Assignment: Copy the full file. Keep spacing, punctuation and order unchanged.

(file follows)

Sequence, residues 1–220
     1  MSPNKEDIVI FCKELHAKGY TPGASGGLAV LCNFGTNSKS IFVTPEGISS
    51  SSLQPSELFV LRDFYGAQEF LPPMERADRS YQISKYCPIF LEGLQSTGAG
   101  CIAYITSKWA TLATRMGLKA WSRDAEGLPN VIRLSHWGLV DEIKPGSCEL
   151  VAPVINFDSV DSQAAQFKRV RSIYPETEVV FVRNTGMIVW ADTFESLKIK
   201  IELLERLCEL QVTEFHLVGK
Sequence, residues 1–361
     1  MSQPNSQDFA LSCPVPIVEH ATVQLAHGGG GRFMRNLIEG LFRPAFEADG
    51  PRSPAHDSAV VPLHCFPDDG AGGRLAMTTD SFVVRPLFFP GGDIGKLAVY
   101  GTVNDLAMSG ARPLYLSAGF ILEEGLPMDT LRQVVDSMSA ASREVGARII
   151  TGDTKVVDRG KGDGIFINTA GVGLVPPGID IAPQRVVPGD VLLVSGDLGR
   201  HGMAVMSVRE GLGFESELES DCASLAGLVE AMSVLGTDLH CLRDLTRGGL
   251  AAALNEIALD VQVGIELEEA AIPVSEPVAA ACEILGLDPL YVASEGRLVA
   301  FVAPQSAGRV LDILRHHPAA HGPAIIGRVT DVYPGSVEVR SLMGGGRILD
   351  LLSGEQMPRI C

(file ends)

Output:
Sequence, residues 1–220
     1  MSPNKEDIVI FCKELHAKGY TPGASGGLAV LCNFGTNSKS IFVTPEGISS
    51  SSLQPSELFV LRDFYGAQEF LPPMERADRS YQISKYCPIF LEGLQSTGAG
   101  CIAYITSKWA TLATRMGLKA WSRDAEGLPN VIRLSHWGLV DEIKPGSCEL
   151  VAPVINFDSV DSQAAQFKRV RSIYPETEVV FVRNTGMIVW ADTFESLKIK
   201  IELLERLCEL QVTEFHLVGK
Sequence, residues 1–361
     1  MSQPNSQDFA LSCPVPIVEH ATVQLAHGGG GRFMRNLIEG LFRPAFEADG
    51  PRSPAHDSAV VPLHCFPDDG AGGRLAMTTD SFVVRPLFFP GGDIGKLAVY
   101  GTVNDLAMSG ARPLYLSAGF ILEEGLPMDT LRQVVDSMSA ASREVGARII
   151  TGDTKVVDRG KGDGIFINTA GVGLVPPGID IAPQRVVPGD VLLVSGDLGR
   201  HGMAVMSVRE GLGFESELES DCASLAGLVE AMSVLGTDLH CLRDLTRGGL
   251  AAALNEIALD VQVGIELEEA AIPVSEPVAA ACEILGLDPL YVASEGRLVA
   301  FVAPQSAGRV LDILRHHPAA HGPAIIGRVT DVYPGSVEVR SLMGGGRILD
   351  LLSGEQMPRI C